Wednesday, April 27, 2011

Serego Alighieri: Valpolicella and More

The Serego Alighieri estate has belonged to the Serego Alighieri family for hundreds of years -- following Dante's exile from Florence his son Pietro Alighieri bought land in the Valpolicella, and there the family stayed; in the 1500s the last Alighieri married into the Serego family, and that line of the Serego family added Alighieri to their name.

In 1973 Count Pieralvise Serego Alighieri reached an agreement with a neighbor, Sandro Boscaini, by which they would make and age their wines (they still have, in a walled vineyard, Molinara vines belonging to the Serego Alighieri clone, on native root stock, while in their cellars they use, in addition to oak, 600 liter cherry casks, following an old Veronese tradition that they are the only ones to continue), while Masi Agricola would take care of bottling and selling the wines, and provided technical assistance as necessary.

The goal was to promote quality, which was a revolutionary idea at the time (as was a collaboration between two wineries), and the relationship has worked very well; Serego Alighieri's wines are now renowned and eagerly sought out throughout the world.

This winter Piervalise's daughter Massimilla presented their wines at the Ristorante Olivero in Florence, and I was fortunate enough to be invited. We began with a white, the only one produced within the Valpolicella Classico zone. It's a blend of Garganega and Sauvignon:

Serego Alighieri Possessioni Bianco IGT Veneto 2009
Pale brassy yellow. The bouquet is quite ripe, with elegant white berry fruit that has some passion fruit and some sweetish accents. It's rather voluptuous, with the Sauvignon evident but not in-your-face. On the palate it's bright, with lively greenish lemony fruit supported by an abundance of savory minerality that provides depth, with some artichoke stem accents that are rather pleasant, and lead into a long clean savory finish with greenish vegetal and sour lemon underpinning. Pleasant, and while it worked well as an aperitif it would also be quite nice with fish.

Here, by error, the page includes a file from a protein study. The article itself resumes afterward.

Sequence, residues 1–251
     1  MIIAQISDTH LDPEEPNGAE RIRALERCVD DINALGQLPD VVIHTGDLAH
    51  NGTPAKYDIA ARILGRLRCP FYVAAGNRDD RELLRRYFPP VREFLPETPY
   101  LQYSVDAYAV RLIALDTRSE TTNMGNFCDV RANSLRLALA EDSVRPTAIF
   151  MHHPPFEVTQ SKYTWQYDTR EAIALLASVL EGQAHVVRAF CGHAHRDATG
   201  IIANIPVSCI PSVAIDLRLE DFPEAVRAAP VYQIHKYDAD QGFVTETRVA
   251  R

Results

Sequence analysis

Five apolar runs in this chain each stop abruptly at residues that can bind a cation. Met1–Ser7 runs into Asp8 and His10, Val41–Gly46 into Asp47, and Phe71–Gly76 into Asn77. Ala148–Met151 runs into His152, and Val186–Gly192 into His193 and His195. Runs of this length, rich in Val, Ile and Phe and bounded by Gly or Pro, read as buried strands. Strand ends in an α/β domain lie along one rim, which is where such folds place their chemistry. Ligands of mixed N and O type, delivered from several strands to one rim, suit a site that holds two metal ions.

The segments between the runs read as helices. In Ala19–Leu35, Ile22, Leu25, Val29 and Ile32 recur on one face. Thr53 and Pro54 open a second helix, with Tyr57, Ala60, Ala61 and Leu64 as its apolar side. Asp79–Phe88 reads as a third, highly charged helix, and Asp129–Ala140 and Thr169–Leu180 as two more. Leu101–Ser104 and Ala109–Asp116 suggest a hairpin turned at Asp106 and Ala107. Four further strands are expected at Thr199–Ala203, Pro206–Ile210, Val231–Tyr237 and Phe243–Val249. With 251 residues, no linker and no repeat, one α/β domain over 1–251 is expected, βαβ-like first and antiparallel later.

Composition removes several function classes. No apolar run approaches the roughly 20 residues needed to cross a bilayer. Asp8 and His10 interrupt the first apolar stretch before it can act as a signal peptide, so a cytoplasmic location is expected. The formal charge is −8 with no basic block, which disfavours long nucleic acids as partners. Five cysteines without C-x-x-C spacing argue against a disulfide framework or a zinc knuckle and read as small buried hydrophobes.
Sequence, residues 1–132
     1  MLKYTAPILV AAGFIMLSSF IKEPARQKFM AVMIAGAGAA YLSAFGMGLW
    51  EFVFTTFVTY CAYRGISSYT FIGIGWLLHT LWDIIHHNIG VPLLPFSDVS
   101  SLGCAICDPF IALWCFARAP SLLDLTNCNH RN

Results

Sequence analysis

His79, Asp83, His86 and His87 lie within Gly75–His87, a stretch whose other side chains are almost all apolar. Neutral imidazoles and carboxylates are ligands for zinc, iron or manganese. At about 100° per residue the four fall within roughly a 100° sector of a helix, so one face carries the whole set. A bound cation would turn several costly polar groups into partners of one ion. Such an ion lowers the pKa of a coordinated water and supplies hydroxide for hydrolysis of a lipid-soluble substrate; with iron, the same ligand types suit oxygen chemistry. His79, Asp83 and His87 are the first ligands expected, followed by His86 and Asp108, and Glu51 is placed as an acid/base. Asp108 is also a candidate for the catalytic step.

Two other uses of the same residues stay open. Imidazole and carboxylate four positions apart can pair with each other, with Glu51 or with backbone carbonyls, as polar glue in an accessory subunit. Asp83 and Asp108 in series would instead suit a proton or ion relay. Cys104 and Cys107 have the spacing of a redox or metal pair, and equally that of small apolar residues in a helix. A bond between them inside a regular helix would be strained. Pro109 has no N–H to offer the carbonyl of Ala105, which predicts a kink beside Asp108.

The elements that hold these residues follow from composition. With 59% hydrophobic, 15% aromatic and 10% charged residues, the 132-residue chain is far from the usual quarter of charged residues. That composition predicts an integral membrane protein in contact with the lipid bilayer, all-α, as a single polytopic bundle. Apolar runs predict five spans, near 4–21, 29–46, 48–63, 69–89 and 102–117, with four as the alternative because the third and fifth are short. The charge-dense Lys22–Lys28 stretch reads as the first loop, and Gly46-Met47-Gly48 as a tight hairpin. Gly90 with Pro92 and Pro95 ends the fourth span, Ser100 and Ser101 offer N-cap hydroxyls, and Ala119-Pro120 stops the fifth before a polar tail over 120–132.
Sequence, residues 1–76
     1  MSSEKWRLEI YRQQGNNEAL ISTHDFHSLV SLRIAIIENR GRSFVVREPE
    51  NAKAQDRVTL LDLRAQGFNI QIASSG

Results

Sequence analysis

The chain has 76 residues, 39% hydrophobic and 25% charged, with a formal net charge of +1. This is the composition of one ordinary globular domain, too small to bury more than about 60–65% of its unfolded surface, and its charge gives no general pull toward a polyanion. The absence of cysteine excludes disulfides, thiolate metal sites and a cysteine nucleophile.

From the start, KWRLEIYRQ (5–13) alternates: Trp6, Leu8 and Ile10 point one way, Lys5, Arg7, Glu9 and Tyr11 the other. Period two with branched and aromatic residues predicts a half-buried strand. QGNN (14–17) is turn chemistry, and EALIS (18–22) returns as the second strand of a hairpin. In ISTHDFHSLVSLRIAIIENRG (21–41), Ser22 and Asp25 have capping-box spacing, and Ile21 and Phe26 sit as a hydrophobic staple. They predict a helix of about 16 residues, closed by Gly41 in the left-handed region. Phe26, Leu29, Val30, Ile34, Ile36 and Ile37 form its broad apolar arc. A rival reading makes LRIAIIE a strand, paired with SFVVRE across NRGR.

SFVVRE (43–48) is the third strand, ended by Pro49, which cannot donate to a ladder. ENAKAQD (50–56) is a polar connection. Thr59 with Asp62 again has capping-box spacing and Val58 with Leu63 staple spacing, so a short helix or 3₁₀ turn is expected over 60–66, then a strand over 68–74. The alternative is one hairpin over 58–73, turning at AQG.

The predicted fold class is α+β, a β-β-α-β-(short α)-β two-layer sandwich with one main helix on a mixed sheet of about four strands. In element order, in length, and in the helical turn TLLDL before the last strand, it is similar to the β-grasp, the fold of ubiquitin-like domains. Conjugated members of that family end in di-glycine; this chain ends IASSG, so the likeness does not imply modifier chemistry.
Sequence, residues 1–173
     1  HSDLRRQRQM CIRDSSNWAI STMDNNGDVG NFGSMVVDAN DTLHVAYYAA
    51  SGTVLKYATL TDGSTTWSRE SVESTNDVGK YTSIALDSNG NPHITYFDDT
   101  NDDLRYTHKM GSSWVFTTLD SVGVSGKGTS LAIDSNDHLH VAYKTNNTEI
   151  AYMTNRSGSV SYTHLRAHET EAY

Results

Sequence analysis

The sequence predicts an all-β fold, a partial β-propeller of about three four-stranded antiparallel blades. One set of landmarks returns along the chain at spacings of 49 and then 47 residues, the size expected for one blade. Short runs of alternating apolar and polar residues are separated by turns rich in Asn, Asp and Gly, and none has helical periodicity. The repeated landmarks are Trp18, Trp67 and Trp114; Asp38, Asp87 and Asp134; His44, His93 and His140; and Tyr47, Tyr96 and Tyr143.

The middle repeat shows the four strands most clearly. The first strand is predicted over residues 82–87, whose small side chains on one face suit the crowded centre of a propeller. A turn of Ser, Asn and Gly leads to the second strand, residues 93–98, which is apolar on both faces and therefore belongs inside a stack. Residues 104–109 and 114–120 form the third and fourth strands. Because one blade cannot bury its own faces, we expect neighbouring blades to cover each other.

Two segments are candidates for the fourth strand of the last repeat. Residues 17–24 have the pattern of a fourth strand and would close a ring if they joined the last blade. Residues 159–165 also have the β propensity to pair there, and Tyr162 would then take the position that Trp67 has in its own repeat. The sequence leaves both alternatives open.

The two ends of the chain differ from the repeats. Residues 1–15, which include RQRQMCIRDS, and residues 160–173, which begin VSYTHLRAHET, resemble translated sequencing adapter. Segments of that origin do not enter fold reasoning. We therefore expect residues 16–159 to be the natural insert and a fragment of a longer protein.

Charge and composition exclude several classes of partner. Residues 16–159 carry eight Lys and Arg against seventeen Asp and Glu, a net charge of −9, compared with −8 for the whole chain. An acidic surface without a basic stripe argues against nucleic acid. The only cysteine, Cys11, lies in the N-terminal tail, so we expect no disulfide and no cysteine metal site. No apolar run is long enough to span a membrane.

2 stars

Serego Alighieri Possessioni Rosso IGT Veneto 2009
This is a blend of Corvina, Molinara of the Serego Alighieri clone, and Sangiovese. Deep cherry ruby with violet rim. The bouquet is rich, with violets and red berry fruit supported by some alcohol and pleasant sour berry fruit acidity, with some wood, that has cherry accents. Fresh and inviting. On the palate it's bright, with lively cherry fruit supported by lively acidity, with some dusky graphite bitterness and fairly intense minerality that carry into a long, brooding berry fruit finish. The Molinara is pre-phylloxera, planted in 1875 to celebrate the birth of Massimilla's great grandfather Piervalise, while the Sangiovese is for them traditional -- they have been planting it since the 1800s, to round their wines, and it works. Quite well.
2 stars

Serego Alighieri Valpolicella Dell'Anniversario Valpolicella Classico Superiore DOC 2007
The first vintage of this was made in 1999 (and released in 2003), to celebrate their 650th anniversary, and Massimilla's Father and Mr. Boscaini chose to make a Valpolicella rather than an Amarone to emphasize the importance of Valpolicella. They made 3000 magnums, and to their surprise it proved quite popular. It's produced using the double fermentation technique, which is essentially what is called Governo Toscano in Tuscany -- partially dried grapes are added to the wine as it sits in the tanks in November, relaunching the fermentation and providing greater depth and richness, and also perking it up. Following fermentation it spent 3-4 months in cherry, and then went into large oak.